Start by analyzing your current schedule. Where do you spend most of your time? Are those activities worth your time?
Track where your time goes each day. Either a time tracking app or the good ol’ planner method (you know, tracking your time by hand) can work for this exercise. There are lots of great time tracking apps out there. (For a list of suggestions, check out this article from Entrepreneur: 8 Great Time-Tracking Apps for Freelancers.)
After you’ve gathered anywhere from few days to a week of data, evaluate where you’re spending more time than you’re worth. Are you pouring hours into a task that could be easily outsourced? Are you going out of your way to save money (i.e. coupon clipping) but spending more time on the effort than the value of the money you save as a result?
This is super useful information! Use the knowledge you gain here to adjust what I like to call your “time budget.” Make modifications to your schedule based on what your time is worth.
Adjust New Behavior Using Your Time Value
Your hourly time value is the threshold for time versus money decisions. When you’re armed with this information, you can adjust new behavior accordingly.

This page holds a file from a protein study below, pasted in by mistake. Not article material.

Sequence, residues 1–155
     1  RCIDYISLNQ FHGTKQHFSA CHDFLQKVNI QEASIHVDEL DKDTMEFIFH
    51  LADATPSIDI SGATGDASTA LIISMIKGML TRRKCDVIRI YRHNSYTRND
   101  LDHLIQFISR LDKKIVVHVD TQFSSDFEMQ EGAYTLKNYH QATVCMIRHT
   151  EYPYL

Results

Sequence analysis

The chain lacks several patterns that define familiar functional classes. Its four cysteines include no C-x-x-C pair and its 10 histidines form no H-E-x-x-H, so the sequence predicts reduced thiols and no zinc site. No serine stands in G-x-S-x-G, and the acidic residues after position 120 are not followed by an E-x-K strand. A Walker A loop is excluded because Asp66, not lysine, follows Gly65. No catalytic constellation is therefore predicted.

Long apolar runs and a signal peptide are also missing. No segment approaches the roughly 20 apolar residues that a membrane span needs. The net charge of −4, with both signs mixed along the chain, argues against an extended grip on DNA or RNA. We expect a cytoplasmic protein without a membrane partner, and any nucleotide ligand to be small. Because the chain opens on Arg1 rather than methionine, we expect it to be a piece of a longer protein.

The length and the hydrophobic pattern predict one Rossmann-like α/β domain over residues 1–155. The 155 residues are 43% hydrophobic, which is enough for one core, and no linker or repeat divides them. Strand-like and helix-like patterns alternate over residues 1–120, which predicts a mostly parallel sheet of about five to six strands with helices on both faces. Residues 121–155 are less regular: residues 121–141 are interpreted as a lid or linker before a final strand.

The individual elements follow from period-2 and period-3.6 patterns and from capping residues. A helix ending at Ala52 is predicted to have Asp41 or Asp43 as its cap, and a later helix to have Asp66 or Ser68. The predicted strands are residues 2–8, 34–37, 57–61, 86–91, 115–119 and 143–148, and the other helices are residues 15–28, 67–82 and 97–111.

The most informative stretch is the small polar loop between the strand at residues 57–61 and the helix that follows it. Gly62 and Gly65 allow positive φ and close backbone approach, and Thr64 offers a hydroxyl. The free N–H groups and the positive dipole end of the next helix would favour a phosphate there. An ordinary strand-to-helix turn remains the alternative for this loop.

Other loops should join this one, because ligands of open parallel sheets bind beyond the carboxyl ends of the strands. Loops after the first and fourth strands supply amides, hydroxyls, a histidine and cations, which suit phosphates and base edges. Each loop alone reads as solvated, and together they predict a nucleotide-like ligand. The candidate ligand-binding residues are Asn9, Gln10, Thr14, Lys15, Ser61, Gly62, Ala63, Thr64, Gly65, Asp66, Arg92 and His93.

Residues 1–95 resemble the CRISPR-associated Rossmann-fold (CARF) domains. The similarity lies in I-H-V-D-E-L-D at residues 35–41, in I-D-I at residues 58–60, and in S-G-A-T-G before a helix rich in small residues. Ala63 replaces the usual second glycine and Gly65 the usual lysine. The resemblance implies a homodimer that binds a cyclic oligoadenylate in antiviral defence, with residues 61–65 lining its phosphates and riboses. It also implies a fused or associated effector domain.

Let me give you a couple examples.
Example #1: Imagine you’re trying to determine whether to use a wash and fold service to do your regular household laundry. Let’s say you spend three hours a week washing, drying, and folding. You’ve calculated your time to be worth $50/hour. So it’s “cheaper” to use the wash and fold service if it will cost you less than $150/week.
Example #2: Your friend is heavily involved in a local charity. She asks you to volunteer on a Saturday to help raise money for an upcoming charity event. You’ll be spending four hours soliciting donations in your neighborhood. You’ve calculated your time to be worth $50/hour. That means unless you’re able to raise at least $200 in your four-hour shift you would be better off donating your money than your time.
Real life scenarios are obviously not so black-and-white. There are many other factors that go along with decisions about how to spend your time. Sometimes you simply have to trust your gut.
But knowing what your time is worth gives you a benchmark for weighing these kinds of decisions. Time value is the starting point. Your final choice is made once all emotional factors have been considered as well.
Time is Money… Or Is It?
Recognizing that time is more valuable than money is easier said than done. It takes practice saying no to requests for your time (this is a whole topic in itself!). But until you show that you value your own time, how can you expect others to respect it?
In the words of Eric Barker, “Plain and simple, you need to treat your time more like money. Be more miserly with hours than dollars. Why? You can get more money in this life. You can’t get more time.”
Now if that’s not a source of motivation, I don’t know what is.
What can you do TODAY to start managing your time like money?